Enos Mills

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Enos Abijah Mills (April 22, 1870 – September 21, 1922)[1] was an American naturalist and homesteader. He was the main figure behind the creation of Rocky Mountain National Park.


Mills was born in Pleasanton, Kansas, near the Civil War Mine Creek Battlefield site, but moved to Colorado at the age of 14. He suffered from an unidentifiable illness which he later discovered to be an allergy to wheat. At age 15, he made his first ascent of the 14,255-foot Longs Peak. Over the course of his life, he made the trip 40 times by himself and nearly 300 additional times as a guide. He built his homestead near Longs Peak and the town of Estes Park, Colorado at the age of 15, completing it at 16.

In the winter of 1887 he moved to Butte, Montana. There he lived and worked intermittently until 1902, spending summers traveling or near his homestead in Estes Park. In 1889, he had a chance encounter with famed naturalist John Muir on a San Francisco beach, and from that point on Mills dedicated his life to conservation activism, lecturing, and writing.

In 1902, Mills returned to Colorado and purchased from his cousin the Longs Peak House near Estes Park. Mils hired and trained nature guides there, who guided many people up Longs Peak and the surrounding area. His methods of nature interpretation are still taught to students in the field of interpretation.

From 1902–1906, Mills also served as the Colorado State Snow Observer, a position that took him into the wild he so loved. His job was to measure the snow depths to predict spring and summer runoff. Following this position, he served as government lecturer on forestry from 1907–1909.

Copyright Enos Mills Cabin
Enos A. Mills, circa 1915.

Mills contributed to the innovation of recreational industry.[2] His speeches generally focused on the lives of trees, forestry issues, preservation of natural lands, and the lives of wild animals. Often in his speeches and written articles he encouraged people of all ages to get outside and into nature.

Mills also the fight to preserve the area around Longs Peak and along the Continental Divide as a national park. He used his speeches, his writing, and photography to further his proposal even as he was met with stiff opposition. Aided by groups such as the American Civic Association, the General Federation of Women's Clubs, and other like-minded civic associations, Mills succeeded and Congress established Rocky Mountain National Park in 1915. He was called the "Father of Rocky Mountain National Park" by the Denver Post.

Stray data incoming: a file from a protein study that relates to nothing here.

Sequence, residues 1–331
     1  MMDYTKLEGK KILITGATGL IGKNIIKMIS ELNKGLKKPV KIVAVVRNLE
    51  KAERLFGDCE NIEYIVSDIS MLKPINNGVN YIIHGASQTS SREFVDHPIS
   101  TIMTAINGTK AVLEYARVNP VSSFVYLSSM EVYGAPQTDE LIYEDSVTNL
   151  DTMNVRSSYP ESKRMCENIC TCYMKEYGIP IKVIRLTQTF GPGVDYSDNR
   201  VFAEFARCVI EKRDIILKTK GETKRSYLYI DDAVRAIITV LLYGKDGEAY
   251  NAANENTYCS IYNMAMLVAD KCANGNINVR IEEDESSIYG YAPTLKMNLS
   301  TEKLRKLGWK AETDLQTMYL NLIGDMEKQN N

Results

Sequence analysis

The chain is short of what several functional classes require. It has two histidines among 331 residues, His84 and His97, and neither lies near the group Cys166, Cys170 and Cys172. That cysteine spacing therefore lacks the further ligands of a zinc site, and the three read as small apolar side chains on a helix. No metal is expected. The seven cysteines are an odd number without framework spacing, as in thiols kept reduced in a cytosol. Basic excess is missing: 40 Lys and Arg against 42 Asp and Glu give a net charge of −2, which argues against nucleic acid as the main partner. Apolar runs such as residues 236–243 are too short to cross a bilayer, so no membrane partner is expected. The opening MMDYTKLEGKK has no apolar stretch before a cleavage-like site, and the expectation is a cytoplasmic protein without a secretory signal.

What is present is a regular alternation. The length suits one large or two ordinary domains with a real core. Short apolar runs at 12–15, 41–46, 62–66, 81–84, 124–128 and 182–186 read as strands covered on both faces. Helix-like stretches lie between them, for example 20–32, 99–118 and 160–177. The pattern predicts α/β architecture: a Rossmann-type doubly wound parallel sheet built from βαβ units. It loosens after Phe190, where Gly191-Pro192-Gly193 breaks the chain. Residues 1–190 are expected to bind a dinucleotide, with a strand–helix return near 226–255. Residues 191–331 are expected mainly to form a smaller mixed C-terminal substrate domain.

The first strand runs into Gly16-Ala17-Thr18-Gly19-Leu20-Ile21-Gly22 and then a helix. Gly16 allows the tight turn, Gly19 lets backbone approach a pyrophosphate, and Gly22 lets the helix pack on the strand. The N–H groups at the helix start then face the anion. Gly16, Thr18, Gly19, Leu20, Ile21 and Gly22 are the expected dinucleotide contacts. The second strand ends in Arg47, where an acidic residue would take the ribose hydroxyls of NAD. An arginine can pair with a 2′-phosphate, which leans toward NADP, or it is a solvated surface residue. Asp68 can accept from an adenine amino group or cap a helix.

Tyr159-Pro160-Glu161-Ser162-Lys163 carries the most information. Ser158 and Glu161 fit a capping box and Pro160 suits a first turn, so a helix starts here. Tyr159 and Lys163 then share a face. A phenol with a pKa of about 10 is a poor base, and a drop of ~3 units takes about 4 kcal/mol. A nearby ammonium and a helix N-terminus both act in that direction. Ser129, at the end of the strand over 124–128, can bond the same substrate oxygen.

Mills continued to lecture and write books until his death at age 52 in 1922. He died from blood poisoning from an infected tooth.

Family and Relations[edit]

Enos A. Mills was born to Enos Mills, Sr., and Ann Lamb Mills. He had ten brothers and sisters, who are listed in order of birth: Augustus, Elkhanah F., Mary E., Naomi Victoria, Ruth, Sarah A., Ellen, Sabina Isabelle (Belle), Horace G., Enoch Joe. [3]

He married Esther Burnell on August 12, 1918. On April 27, 1919, Enda Mills was born. She was their only child.


  • The Story of Estes Park and Guide Book (1905)
  • Wild Life on the Rockies (1909)
  • The Spell of the Rockies (1911)
  • In Beaver World (1913)
  • The Rocky Mountain Wonderland (1915)
  • The Story of Scotch (1916)
  • Your National Parks (1917)
  • The Grizzly, Our Greatest Wild Animal (1919)
  • The Adventures of a Nature Guide (1920)
  • Waiting in the Wilderness (1921)
  • Wild Animal Homesteads (1922)
  • The Rocky Mountain National Park (1924)
  • Bird Memories of the Rockies


  1. ^ Wild, Peter; Skov, Arny (illus.) (1979). Enos Mills. Boise, Idaho: Boise State University "Western Writers Series" (#36). pp. 47. ISBN 978-0884300601 OCLC 6006498
  2. ^ Brachfeld, Aaron (09/03/2015). "Progressive economics - the Pure Profit of Enos Mills". the Meadowlark Herald (September) (the Meadowlark Herald). Retrieved 09/03/2015.  Check date values in: |access-date=, |date= (help)
  3. ^ "Enos A. Mills Lineage". www.enosmills.com. Retrieved 2015-11-02. 
  • Rocky Mountain National Park Dayhiker's Guide, Jerome Malitz, Big Earth Publishing, 2005.

Further reading[edit]

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